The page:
"A well regulated militia, being necessary to the security of a free state, the right of the people to keep and bear arms, shall not be infringed."
On June 26, 2008, in District of Columbia v. Heller, the United States Supreme Court issued its first decision since 1939 interpreting the Second Amendment to the United States Constitution. In a 5-4 decision, the Court ruled that the Second Amendment confers an individual right to possess a firearm for traditionally lawful purposes such as self-defense. It also ruled that two District of Columbia provisions, one that banned handguns and one that required lawful firearms in the home to be disassembled or trigger-locked, violate this right. However, since the District of Columbia is a federal enclave, the applicability of the Second Amendment to the states remained an open issue.
McDonald v. Chicago, 561 U.S. 742 (2010), is a landmark decision of the Supreme Court of the United States that determined whether the Second Amendment applies to the individual states. The Court held that the right of an individual to "keep and bear arms" protected by the Second Amendment is incorporated by the Due Process Clause of the Fourteenth Amendment and applies to the states. The 5-4 decision cleared up the uncertainty left in the wake of District of Columbia v. Heller as to the scope of gun rights in regard to the states.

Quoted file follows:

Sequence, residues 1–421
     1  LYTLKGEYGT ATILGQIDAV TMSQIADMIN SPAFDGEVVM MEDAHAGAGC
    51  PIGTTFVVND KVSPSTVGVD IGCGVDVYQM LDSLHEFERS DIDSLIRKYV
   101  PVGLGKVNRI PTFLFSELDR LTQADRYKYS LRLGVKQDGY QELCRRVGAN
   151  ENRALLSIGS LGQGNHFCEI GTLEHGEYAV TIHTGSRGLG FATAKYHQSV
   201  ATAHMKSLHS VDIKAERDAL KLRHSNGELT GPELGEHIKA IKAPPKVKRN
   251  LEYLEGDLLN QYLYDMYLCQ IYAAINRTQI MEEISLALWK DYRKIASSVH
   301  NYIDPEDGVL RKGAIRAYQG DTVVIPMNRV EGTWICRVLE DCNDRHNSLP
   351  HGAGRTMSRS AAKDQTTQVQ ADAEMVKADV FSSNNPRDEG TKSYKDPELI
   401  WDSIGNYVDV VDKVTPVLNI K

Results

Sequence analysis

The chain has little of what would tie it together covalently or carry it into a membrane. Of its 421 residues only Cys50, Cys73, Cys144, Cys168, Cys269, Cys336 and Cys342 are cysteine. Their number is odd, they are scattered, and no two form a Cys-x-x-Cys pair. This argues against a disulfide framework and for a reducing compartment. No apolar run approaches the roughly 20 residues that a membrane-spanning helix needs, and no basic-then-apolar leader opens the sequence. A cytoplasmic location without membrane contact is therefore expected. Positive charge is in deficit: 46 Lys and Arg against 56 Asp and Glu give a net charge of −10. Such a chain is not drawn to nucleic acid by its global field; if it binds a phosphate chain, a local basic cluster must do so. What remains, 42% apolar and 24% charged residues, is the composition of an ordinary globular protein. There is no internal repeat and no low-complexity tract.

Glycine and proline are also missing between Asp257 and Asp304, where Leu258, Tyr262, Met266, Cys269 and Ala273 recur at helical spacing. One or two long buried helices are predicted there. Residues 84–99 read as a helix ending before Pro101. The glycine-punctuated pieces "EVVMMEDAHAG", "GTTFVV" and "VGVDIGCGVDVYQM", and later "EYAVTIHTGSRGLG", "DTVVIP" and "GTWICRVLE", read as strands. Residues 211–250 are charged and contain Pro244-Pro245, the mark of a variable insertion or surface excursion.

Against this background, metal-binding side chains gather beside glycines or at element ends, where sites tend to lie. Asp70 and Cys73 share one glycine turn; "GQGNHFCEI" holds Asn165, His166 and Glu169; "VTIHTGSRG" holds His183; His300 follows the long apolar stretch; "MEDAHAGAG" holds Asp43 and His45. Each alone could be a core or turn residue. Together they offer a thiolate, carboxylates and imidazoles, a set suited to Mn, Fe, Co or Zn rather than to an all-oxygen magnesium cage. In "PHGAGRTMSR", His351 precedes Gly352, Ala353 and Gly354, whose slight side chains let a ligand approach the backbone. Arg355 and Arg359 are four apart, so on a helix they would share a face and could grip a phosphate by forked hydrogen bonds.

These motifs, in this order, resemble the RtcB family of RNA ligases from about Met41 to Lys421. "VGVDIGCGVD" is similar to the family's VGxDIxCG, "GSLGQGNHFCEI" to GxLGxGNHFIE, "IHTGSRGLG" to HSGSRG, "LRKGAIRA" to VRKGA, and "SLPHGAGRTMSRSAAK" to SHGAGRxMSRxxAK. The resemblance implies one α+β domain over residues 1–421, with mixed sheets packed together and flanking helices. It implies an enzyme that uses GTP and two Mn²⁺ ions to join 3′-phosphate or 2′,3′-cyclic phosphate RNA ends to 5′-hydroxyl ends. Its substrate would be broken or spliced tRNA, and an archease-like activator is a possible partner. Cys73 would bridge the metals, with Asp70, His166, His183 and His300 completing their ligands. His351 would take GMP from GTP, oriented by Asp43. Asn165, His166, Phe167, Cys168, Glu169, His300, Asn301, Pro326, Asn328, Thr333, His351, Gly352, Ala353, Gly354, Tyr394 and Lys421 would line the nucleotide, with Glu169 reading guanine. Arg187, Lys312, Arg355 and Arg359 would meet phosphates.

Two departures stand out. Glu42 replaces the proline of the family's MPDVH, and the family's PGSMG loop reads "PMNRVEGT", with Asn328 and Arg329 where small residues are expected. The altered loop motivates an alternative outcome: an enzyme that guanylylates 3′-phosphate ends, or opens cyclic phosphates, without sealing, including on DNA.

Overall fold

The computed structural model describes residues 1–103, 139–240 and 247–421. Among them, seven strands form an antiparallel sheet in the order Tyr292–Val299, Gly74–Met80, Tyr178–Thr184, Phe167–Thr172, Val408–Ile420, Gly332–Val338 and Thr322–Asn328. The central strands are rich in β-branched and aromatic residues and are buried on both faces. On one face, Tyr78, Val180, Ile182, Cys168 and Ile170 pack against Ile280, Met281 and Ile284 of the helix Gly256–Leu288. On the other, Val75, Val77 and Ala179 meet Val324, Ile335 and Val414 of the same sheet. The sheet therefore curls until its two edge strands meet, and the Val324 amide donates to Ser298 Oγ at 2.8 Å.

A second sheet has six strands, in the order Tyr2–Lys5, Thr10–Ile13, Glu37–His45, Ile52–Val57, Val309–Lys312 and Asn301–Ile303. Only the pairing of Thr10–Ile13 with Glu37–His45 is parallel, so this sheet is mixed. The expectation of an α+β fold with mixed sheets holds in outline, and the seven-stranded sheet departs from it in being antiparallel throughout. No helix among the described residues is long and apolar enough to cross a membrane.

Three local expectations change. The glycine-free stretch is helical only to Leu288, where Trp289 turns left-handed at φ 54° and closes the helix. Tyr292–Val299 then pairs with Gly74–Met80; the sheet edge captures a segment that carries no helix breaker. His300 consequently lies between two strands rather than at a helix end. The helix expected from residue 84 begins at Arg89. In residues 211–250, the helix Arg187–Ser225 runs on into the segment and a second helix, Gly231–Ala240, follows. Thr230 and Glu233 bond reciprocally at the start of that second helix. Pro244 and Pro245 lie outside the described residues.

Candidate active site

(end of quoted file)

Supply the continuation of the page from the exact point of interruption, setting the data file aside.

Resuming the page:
Facts in McDonald v. City of Chicago (2010): Chicago resident Otis McDonald, a 76 year old (in 2010) retired maintenance engineer, had lived in the Morgan Park neighborhood since buying a house there in 1971. McDonald decried the decline of his neighborhood, describing it as being taken over by gangs and drug dealers. His lawn was regularly littered with refuse and his home and garage had been broken into a combined five times, with the most recent robbery committed by a man McDonald recognized from his own neighborhood.
An experienced hunter, McDonald legally owned shotguns, but believed them too unwieldy in the event of a robbery, and wanted to purchase a handgun for personal home defense. Due to Chicago's requirement that all firearms in the city be registered, yet refusing all handgun registrations after 1982 when a citywide handgun ban was passed, he was unable to legally own a handgun. As a result, in 2008, he joined three other Chicago residents in filing a lawsuit which became McDonald v. Chicago.